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Reality and Hope

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Official White House Photo by Katie Ricks

A reader emailed to ask, "An honest question: how do you balance opinion vs. hope. As a pastor I always emphasize hope (though admittedly I am offering Christ) yet I also clearly emphasize reality. ... Yet the question remains: where does responsibility lie with those who speak publicly & are heard?"


Whether writing my daily emails, newspaper columns or the five hours a day of radio I do, I try to start with reality. A frustration of mine for years has been the media treating the conservative movement and Republican Party as the same. They are, in my mind, distinct entities that live in a symbiotic relationship.

Lately, however, much of the conservative movement exists only to advance President Donald Trump. It is no longer distinct. Many of the institutional and outside voices of conservatism have abandoned their distinct credibility to serve as cheerleaders for Trump in ways they would never have dared less than two decades ago when George W. Bush was president. In 2008, conservatives mounted efforts to fight Bush's bailouts of General Motors and American financial institutions, arguing, among other things, that bailing them out would create moral hazards.

Fast-forward just over a decade and many of the same conservatives who stood up to Bush and fought President Barack Obama for sequestration have bent over backward to add multiple more trillions of dollars to the national debt under Trump. Deficits and debt no longer matter to an intellectual movement that, less than a decade ago, forced the first real spending cuts by holding hostage a debt ceiling increase.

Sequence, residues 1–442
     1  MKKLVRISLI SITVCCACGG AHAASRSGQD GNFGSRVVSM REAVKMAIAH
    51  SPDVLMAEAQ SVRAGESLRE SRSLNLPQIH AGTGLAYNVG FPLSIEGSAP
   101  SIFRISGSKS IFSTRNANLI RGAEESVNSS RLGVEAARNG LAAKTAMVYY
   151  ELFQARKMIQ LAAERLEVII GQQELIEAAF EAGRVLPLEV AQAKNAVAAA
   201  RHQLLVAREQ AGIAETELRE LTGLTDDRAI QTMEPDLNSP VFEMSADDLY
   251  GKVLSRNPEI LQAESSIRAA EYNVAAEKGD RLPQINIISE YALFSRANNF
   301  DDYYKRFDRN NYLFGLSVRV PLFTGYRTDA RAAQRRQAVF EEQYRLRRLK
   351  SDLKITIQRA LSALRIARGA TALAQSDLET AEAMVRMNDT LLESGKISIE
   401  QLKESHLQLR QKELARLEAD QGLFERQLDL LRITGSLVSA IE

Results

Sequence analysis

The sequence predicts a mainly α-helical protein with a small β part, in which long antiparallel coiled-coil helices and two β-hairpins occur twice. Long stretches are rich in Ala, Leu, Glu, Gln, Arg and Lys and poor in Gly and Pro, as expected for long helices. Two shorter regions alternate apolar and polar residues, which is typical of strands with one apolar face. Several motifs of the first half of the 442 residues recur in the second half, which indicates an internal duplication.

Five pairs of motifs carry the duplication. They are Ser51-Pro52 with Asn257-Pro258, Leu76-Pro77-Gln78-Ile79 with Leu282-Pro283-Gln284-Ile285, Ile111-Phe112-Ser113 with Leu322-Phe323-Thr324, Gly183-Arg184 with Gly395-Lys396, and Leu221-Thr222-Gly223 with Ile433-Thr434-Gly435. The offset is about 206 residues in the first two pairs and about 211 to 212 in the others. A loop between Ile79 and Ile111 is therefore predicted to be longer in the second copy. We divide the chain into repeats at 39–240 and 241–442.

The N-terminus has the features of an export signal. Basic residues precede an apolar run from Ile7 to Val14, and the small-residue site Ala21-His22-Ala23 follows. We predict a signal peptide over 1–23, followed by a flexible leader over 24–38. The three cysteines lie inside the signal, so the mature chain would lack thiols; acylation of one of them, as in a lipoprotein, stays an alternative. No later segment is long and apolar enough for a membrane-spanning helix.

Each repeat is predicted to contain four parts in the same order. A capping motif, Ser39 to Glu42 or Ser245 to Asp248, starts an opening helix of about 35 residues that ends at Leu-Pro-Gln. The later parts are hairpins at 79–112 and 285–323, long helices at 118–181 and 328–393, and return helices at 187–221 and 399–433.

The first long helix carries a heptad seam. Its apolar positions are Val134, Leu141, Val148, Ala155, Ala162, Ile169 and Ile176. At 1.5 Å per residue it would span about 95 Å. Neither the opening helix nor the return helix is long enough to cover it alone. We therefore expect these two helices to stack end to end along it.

My personal opinion is that conservatives made this shift because they, like much of the media, have given up seeing themselves as distinct from power and, more troubling, have been infected with a postmodernism that makes the chief end of man about the acquisition and preservation of power. American conservatives who once championed the individual and the reduction of the state are, in some quarters, now presuming that the fight against the leviathan is lost and that conservatives should use the leviathan as the left would. Those who pilloried Fred Barnes, an editor of The Weekly Standard, in 2004 for arguing George W. Bush was a "big-government conservative" have now become that oxymoron; they fear Trump is all that stands between them and the left unleashing a civilizational reordering on America.


The reality is that there is nothing permanent in American politics, and that shapes my thinking and my opinions. The left will institutionally be as unable to permanently reshape the American landscape as the right has been unable to do. When Trump leaves office in January of next year or in 2025, the left will rapidly undo what Trump has done by executive fiat, just as Trump undid much from the Obama era. Then a future Republican will undo that. Rinse. Wash. Repeat.

I have been disturbed by those on both sides of the political spectrum who have shaped their opinions of COVID-19 based on willful distortions of reality. Both sides now selectively advance facts because both sides believe narrative storytelling is more important than truth. I endeavor, sometimes better than others, to provide complete fact patterns without selective edits. Truth should matter more than narrative. Encountering difficult truths forces more thought in shaping opinions and public policies.

All of it, however, is supported by hope. That hope comes from my worldview. I believe there is a God of all creation who redeemed humanity through a death on a cross and a resurrection. Those who put their faith in Jesus will be saved. Truth, reality and opinion must be grounded in redemption. I have read the end of the book, and I know which side wins. That must force me to recognize we live in a fallen world; it must force me to offer more grace; it must force me to remember eternity matters more than now.


In an increasingly chaotic world filled with half-truths, narrative distortions and cultlike tribalism, hope is found still in knowing the best days lie ahead, just beyond the eastern sky, in anticipation of the coming son.

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